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HEART OF A CHAMPION – PART I: Dennis Erb Jr, Heather Lyne Turn Years of Hard Work Into First World of Outlaws Championship

Dennis Erb Jr. and Heather Lyne

Dennis Erb Jr. added the most significant piece to his dirt Late Model resume in 2022—a World of Outlaws CASE Construction Equipment Late Model Series championship.

However, what makes his title unique is his path to get there.

Unlike many teams in today’s dirt Late Model landscape, the Carpentersville, IL driver owns his equipment and races on a budget. It’s something Erb said makes the accomplishment sweeter, knowing years of hard work have paid off.

“We race against high-dollar teams, and I’ve never steered away from it,” Erb said. “I know what we’re dealing with. I know the costs, the work, and it’s nothing that I ever complain about. We just go out and do our thing.

“It does make it a lot more satisfying knowing that we’ve accomplished this, owning everything myself with the budget that I have, making back money to put back in and keep fighting for it. It’s definitely a real good feeling knowing the way we got this done.”

While it’s the veteran driver’s first championship, it’s also the first title for his longtime crew chief Heather Lyne. She became the first female championship-winning crew chief in a national dirt Late Model series and North American motorsport series.

Heather Lyne
Heather Lyne prepares Dennis Erb Jr’s car to race/Jacy Norgaard photo

Because of the way Erb and Lyne operate their team – as the only two crew members – Lyne called the “Dynamic-Duo” underdogs.

The two have been working together since 2001, when she volunteered to join the team. Since then, they’ve accomplished many feats, including the 2016 Dirt Late Model Dream at Eldora and three consecutive DIRTcar Summer Nationals championships.

Those accomplishments paved the way for the duo’s first championship on a national tour.

“It’s been a long time coming,” Lyne said. “It’s been a pretty awesome and amazing feeling. I’m very proud of our accomplishments. We have worked hard; we haven’t had the funding and help that many other teams had, so we kind of classify ourselves as underdogs to some extent. But we make up for it in our work ethic and our planning.”

That planning led to a renewed focus at the start of the season for Erb, who said he felt the team was in a place to push for a championship.

He opened the season with a top-five finish at Volusia Speedway Park during Sunshine Nationals, leading to a Series-high 22 top-five finishes.

“It’s like I said earlier in the year, I had a focus on going out and doing it this year,” Erb said. “I feel like we’ve been getting better each year, and I think we were at the point where things were in place at the beginning.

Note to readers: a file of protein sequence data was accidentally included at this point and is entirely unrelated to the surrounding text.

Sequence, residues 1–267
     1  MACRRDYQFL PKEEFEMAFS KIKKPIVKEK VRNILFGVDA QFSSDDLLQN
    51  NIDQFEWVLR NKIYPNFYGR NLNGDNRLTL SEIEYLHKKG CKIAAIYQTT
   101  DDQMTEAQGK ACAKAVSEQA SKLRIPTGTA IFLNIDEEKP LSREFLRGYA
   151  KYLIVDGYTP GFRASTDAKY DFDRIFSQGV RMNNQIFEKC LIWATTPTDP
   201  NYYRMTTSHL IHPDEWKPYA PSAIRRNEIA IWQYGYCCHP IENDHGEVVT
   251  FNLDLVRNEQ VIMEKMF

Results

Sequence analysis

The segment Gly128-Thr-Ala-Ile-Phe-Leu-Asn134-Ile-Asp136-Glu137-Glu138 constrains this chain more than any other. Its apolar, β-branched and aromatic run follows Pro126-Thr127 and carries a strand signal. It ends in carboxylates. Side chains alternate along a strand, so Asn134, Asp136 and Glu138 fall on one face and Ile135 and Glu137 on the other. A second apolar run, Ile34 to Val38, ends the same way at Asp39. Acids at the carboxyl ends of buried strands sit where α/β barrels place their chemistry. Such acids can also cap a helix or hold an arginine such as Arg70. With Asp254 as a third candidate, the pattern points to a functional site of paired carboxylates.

Dennis Erb Jr. being interviewed
Dennis Erb Jr. gets interviewed at The Dirt Track at Charlotte/Jacy Norgaard photo

“It started off real good, and we kept rolling real good, and I just think after a few weeks I had a really good idea that we had a good shot of doing this.”

One of the things that helped Erb and Lyne on the path to the championship was changing their approach.

Lyne has the challenge of balancing her full-time job as an engineer and being a crew chief for a full-time national Late Model team. While not an easy balance, she’s mastered its obstacles and still found ways to keep the team more efficient than ever this year.

“We were really starting to focus and get a better and more efficient process going up and down the road,” Lyne said. “We kind of blocked out a lot of the distractions that we had previously. With myself working as well, I always have that added stress and the extra workload, but I was not putting as many hours in as in years past, so we could really start focusing on this.”

That efficient approach helped fuel Erb’s consistency in 2022. Along with his 22 top-fives, he added four wins and finished outside the top 10 only eight times throughout the near 50-race season.

Erb mathematically secured his first championship at US 36 Raceway with three races remaining, allowing some weight to come off his shoulders before the World of Outlaws World Finals championship finale at The Dirt Track at Charlotte.

Dennis Erb Jr. gets ready to to race at Sunshine Nationals
Dennis Erb Jr. and Heather Lyne go through final preparations before a Feature at Volusia Speedway Park/Jacy Norgaard photo

“It was a big relief, knowing that we finally got it locked up,” Erb said. “All of the hard work has paid off and then we could go into Charlotte and not worry about anything. It’s racing. Anything can happen. You can get a run of bad luck and things could turn around really quick.

“Just to be able to hear that it’s clinched and knowing all of the hard work that’s been put in throughout the season and over the years to get to this point, it really made me feel good.”

A World of Outlaws CASE Late Models title will always be remembered, no matter who wins it. But for Erb and Lyne, it’s a unique path they can cherish for the rest of their lives.

However, as Lyne mentioned, even though they won a championship, there’s still work to be done.

“We’ve set the bar, and now we’ve got to clear it,” Lyne said.

Part II of Erb’s championship journey will be out on Wednesday, Nov. 23, highlighting Lyne’s story as his crew chief.

The World of Outlaws CASE Late Models kick off their 2023 season at Volusia Speedway Park for Sunshine Nationals Jan. 19-21. For Tickets: CLICK HERE.

If you can’t make it to the track, you can watch all the action live on DIRTVIsion – either online or by downloading the DIRTVision App.

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